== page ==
COLUMBIA — Ten-year-old Ella Guidotti admitted anticipation had made sleep difficult the night before. But if she was the least bit drowsy, it certainly didn’t show. Standing on the north steps of the State House, the Lexington County local had bright eyes and a wide smile on her face as South Carolina 4-H Legislative Day got set to begin.
“I was really excited because we were going to meet the legislators that supported us at 4-H, and that’s a really big thing — because if they didn’t support us, we might not have the 4-H program in every county,” she said.
The event was a chance for 4-H members from across South Carolina to share their stories of success in the club with state legislators, and more than 425 4-Hers, family members and Clemson Cooperative Extension agents made the trip to the capital city on March 13.
Few had better stories to tell than Nakel Pinckney from Jasper County, whose family name carries significant meaning both in 4-H circles and the halls of the State House.
The cousin of the late Clementa Pinckney, Nakel knew little about 4-H until the former state senator was among nine people killed in a 2015 shooting at the Charleston church that he pastored.
A 4-H alumnus himself, the Rev. Pinckney is the namesake of the 4-H Clementa Pinckney Leadership Conference, held annually on Clemson University’s campus.
“I was in ninth grade when he died and didn’t know anything about 4-H until I heard about the Pinckney Leadership Conference,” said Nakel, a high school senior. “When I heard about it, all my teachers tried to get me to go, and I went. I didn’t know my (county 4-H Extension) agent at the time, but she paid for me to go even though I did not know her at all. I went there for a week during the summer, and I got the chance to meet a lot of new friends and get to know the 4-H experience.”
While his introduction to 4-H was borne out of tragedy, Nakel said it has been nothing short of a blessing. “4-H is family,” he said. “4-H has helped to prepare me for the future. 4-H has helped me to meet a lot of my new friends and helped me to do things that I wouldn’t ordinarily be able to do in Jasper County. It really has prepared me for the future and just to face the challenges that life brings.”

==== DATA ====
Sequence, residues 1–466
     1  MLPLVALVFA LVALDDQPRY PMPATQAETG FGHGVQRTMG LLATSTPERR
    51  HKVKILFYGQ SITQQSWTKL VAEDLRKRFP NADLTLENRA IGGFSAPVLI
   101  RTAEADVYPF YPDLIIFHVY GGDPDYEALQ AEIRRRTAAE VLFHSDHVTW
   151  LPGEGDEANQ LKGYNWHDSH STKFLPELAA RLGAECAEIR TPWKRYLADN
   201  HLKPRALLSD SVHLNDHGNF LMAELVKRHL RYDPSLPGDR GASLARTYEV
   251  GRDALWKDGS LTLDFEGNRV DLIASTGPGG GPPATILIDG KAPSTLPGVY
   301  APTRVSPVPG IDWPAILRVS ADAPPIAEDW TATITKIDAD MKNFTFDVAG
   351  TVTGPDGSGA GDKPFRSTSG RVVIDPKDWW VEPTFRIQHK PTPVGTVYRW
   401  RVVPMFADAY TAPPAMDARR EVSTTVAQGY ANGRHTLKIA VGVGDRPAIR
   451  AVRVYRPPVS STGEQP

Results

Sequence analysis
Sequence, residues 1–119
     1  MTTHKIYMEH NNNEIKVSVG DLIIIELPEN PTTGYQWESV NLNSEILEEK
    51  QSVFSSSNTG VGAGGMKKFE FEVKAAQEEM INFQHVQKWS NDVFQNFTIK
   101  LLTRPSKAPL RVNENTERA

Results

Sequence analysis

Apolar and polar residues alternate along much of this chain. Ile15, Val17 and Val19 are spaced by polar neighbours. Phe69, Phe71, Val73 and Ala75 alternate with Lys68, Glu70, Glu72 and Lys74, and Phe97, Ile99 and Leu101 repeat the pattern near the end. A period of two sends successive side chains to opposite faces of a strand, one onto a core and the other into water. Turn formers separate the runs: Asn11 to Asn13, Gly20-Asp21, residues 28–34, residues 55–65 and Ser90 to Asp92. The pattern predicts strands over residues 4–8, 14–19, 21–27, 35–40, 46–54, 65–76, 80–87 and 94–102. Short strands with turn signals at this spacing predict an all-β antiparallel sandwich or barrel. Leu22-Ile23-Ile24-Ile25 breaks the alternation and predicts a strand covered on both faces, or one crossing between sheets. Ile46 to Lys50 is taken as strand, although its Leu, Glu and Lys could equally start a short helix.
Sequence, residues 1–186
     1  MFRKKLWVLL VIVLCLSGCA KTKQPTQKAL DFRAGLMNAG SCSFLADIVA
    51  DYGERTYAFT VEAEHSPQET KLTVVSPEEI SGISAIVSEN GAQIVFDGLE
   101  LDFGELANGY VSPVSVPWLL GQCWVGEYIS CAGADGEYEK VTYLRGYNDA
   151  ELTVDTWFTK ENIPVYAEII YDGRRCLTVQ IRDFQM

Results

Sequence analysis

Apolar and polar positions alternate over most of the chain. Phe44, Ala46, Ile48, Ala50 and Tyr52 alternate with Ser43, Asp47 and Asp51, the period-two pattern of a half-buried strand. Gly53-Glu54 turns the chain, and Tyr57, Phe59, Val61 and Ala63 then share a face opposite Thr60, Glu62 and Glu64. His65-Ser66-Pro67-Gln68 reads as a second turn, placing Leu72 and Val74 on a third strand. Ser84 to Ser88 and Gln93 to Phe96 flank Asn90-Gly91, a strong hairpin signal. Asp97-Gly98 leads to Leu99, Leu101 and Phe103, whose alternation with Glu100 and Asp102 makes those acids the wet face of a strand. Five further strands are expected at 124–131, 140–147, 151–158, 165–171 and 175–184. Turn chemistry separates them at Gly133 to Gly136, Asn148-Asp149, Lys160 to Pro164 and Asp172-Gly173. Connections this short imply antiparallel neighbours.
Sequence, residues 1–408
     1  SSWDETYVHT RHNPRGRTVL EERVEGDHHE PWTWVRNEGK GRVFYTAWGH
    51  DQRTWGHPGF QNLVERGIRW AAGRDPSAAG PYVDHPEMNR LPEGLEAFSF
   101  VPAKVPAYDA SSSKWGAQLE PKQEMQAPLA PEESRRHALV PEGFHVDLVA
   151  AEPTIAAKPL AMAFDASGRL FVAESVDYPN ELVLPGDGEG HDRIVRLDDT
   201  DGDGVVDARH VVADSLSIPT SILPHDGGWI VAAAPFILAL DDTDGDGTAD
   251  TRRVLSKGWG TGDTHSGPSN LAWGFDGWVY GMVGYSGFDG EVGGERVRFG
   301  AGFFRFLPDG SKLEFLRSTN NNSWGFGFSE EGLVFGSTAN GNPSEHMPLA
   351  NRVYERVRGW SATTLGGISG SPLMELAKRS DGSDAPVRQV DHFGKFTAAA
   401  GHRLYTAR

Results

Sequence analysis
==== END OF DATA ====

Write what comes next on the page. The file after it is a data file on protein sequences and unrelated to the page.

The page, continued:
A common misconception is that 4-H is all about agriculture — just cows and plows — but while it still has those traditional roots, the Pinckney Leadership Conference is one example of how it offers programs in other areas such as leadership skills, healthy living and science.
Lindsey Scott from Saluda County was introduced to 4-H by accepting an invitation from a friend at school to tag along to dairy judging.
“I went to practice that day and the next afternoon was the state competition,” she said. “Our team won third place and went to nationals. Going to nationals I really enjoyed 4-H and learned what 4-H was all about.”
But while the high school senior came to 4-H through agriculture, she said her focus has shifted to healthy living. She’s also learned valuable lessons on leadership.
And those lessons have clearly paid off, as Lindsey kicked off 4-H Legislative Day with a welcome address as the South Carolina 4-H Teen Council president.
“It’s hard to put it all into words because 4-H has meant so much to me,” she said. “It’s been the biggest part of my life. 4-H has inspired me in so many ways. I’ve made so many friends here that I’m always going to cherish.”
Scott was eager to share her 4-H success story not only with her fellow club members, but also the state legislators who helped make it possible.
“I’m excited to see all these 4-Hers and what they have accomplished and hear their stories and be able for these 4-Hers to tell their stories to these legislators,” she said.
The youth development arm of the Clemson Cooperative Extension Service, South Carolina 4-H has more than 100,000 young participants from across the state annually. Its programs cover animal science, agriculture, science, engineering, natural resources, healthy living, leadership and more.
Participants in 4-H are twice as likely to be civically active, live healthier lives and participate in science, engineering and computer technology programs in schools, according to a Tufts University study.
Rep. Justin Bamberg of House District 90 in Bamberg, Barnwell and Colleton counties shared a simple mantra with the 4-Hers gathered on the State House steps: “Knowledge is the new money. Get you some.”
“I want you to look around your group here, and you see many different people from different walks of life,” Bamberg told them. “Everybody looks unique, but all of you have one thing in common, and that is that you have placed yourself in a position for new opportunities, to obtain new knowledge, and your participation in 4-H is something that… with time you’ll realize that you’re taking steps that some of your peers aren’t.”
Sen. Danny Verdin also addressed the club members and said he’d already been visited by local 4-H clubs from his district in Laurens County that morning.
“It reminds me of the purpose of the day that was related to us from Mr. Pinckney,” he said. “I know you’ve accomplished it: to come here to impact those of us who are charged with making public policy here in the state. It is very beneficial for us to see you, to hear from you, to understand the work you’re doing in community service, the development of skills, the attributes of life that you are inculcating today that will go with you through your life here and service to us. You will be standing in adult shoes very soon, so thank you for your preparation.”